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Nixon's Enemies List

Nixon’s Enemies List is the informal name of what started as a list of President Richard Nixon’s major political opponents compiled by Charles Colson, written by George T. Bell (assistant to Colson, special counsel to the White House) and sent in memorandum form to John Dean on September 9, 1971. The list was part of a campaign officially known as “Opponents List” and “Political Enemies Project.” The official purpose, as described by the White House Counsel’s Office, was to “screw” Nixon’s political enemies, by means of tax audits from the IRS, and by manipulating “grant availability, federal contracts, litigation, prosecution, etc.”

In a memorandum from John Dean to Lawrence Higby (August 16, 1971), Dean explained the purpose of the list succinctly:

This memorandum addresses the matter of how we can maximize the fact of our incumbency in dealing with persons known to be active in their opposition to our Administration; stated a bit more bluntly—how we can use the available federal machinery to screw our political enemies.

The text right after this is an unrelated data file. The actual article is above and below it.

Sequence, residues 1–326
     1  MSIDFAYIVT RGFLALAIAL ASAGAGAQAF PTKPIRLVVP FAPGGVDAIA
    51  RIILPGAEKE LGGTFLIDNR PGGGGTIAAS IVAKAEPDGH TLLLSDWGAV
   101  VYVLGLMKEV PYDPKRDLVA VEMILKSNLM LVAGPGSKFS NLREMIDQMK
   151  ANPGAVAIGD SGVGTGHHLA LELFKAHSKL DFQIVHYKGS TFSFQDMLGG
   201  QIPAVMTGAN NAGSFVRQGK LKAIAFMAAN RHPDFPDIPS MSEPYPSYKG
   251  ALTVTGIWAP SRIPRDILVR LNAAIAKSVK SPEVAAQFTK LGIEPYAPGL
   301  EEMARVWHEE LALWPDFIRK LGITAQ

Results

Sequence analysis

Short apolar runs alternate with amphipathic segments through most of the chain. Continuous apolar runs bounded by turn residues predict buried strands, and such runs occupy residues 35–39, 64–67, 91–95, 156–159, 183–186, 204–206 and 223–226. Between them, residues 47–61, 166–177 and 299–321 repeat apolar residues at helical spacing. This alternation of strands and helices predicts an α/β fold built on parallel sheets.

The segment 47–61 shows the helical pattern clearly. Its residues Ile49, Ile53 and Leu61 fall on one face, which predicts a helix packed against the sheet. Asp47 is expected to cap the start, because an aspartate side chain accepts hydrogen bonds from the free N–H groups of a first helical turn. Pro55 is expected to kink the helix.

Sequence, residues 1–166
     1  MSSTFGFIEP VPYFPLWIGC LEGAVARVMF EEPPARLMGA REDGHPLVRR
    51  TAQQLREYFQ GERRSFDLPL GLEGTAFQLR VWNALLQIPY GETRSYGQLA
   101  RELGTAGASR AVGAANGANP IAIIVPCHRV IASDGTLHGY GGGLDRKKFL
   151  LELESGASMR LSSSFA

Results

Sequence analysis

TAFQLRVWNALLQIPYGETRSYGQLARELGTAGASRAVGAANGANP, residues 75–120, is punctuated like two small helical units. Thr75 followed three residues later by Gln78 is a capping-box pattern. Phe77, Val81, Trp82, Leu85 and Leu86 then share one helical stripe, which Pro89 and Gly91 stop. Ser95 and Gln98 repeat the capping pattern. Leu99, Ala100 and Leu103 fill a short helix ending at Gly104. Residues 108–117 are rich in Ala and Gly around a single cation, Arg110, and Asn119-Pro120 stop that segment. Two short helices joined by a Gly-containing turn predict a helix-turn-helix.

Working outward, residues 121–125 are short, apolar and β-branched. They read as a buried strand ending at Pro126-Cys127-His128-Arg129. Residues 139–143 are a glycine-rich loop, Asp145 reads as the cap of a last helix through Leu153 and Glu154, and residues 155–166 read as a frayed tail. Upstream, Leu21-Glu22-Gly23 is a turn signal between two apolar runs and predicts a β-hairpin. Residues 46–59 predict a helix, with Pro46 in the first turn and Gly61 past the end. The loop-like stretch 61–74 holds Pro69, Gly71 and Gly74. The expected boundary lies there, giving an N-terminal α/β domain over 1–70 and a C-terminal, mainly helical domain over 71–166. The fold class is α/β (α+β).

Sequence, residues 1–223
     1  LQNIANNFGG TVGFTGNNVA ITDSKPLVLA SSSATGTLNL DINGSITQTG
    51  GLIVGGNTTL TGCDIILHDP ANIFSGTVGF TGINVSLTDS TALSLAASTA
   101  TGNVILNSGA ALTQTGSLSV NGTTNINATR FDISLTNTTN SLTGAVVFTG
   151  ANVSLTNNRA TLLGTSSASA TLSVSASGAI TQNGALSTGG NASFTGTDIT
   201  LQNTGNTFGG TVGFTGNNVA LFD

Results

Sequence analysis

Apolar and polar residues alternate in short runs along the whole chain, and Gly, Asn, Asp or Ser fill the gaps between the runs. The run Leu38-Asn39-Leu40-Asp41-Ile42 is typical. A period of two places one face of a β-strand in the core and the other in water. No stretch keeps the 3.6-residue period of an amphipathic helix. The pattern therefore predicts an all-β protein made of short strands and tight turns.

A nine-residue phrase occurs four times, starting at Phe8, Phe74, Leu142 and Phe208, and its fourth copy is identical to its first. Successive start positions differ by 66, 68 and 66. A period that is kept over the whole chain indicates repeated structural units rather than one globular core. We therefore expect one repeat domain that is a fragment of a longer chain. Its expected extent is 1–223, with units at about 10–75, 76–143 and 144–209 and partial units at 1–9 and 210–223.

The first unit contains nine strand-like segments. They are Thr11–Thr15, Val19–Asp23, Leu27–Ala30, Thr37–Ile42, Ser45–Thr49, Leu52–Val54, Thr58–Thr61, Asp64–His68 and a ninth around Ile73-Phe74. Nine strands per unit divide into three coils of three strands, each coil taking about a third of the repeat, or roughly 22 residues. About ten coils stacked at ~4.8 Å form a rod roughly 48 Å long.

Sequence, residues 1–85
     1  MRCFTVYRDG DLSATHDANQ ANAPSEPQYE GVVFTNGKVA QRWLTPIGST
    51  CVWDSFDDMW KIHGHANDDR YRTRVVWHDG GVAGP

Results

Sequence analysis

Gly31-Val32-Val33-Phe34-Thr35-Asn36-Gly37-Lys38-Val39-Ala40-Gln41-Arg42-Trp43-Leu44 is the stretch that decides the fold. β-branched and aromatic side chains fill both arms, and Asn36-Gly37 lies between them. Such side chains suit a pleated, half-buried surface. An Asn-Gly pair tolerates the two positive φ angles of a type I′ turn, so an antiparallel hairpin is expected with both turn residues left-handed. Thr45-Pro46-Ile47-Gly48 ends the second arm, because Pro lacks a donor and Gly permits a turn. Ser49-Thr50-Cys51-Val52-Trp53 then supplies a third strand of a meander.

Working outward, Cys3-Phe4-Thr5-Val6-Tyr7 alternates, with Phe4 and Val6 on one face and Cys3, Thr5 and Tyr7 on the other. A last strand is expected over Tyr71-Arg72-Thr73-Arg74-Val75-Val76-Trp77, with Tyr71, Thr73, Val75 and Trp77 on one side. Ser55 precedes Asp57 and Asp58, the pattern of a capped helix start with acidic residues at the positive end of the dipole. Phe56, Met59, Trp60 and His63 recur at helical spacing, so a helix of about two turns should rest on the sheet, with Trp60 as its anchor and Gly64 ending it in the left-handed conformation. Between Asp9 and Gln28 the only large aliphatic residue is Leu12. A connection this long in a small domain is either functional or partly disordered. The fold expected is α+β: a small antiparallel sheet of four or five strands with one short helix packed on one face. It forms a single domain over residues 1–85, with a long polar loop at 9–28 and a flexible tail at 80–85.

The original 20 names in Colson’s memo (and his notes accompanying them) were as follows, although a master list of Nixon political opponents and another list, with a combined total of over 30,000 names, were developed later.

Verbatim text of Colson's original memo (with his comments)

"Having studied the attached material and evaluated the recommendations for the discussed action, I believe you will find my list worthwhile for status. It is in priority order."

  1. Arnold M. Picker, United Artists Corp., New York; Top Muskie fund raiser. Success here could be both debilitating and very embarrassing to the Muskie machine. If effort looks promising, both Ruth and David Picker should be programmed and then a follow through with United Artists.
  2. Alexander E. Barkan, national director of A.F.L.-C.I.O.’s Committee on Political Education, Washington, D.C.: Without a doubt the most powerful political force programmed against us in 1968 ($10-million, 4.6 million votes, 115 million pamphlets, 176,000 workers—all programmed by Barkan’s C.O.P.E.—so says Teddy White in The Making of the President 1968). We can expect the same effort this time.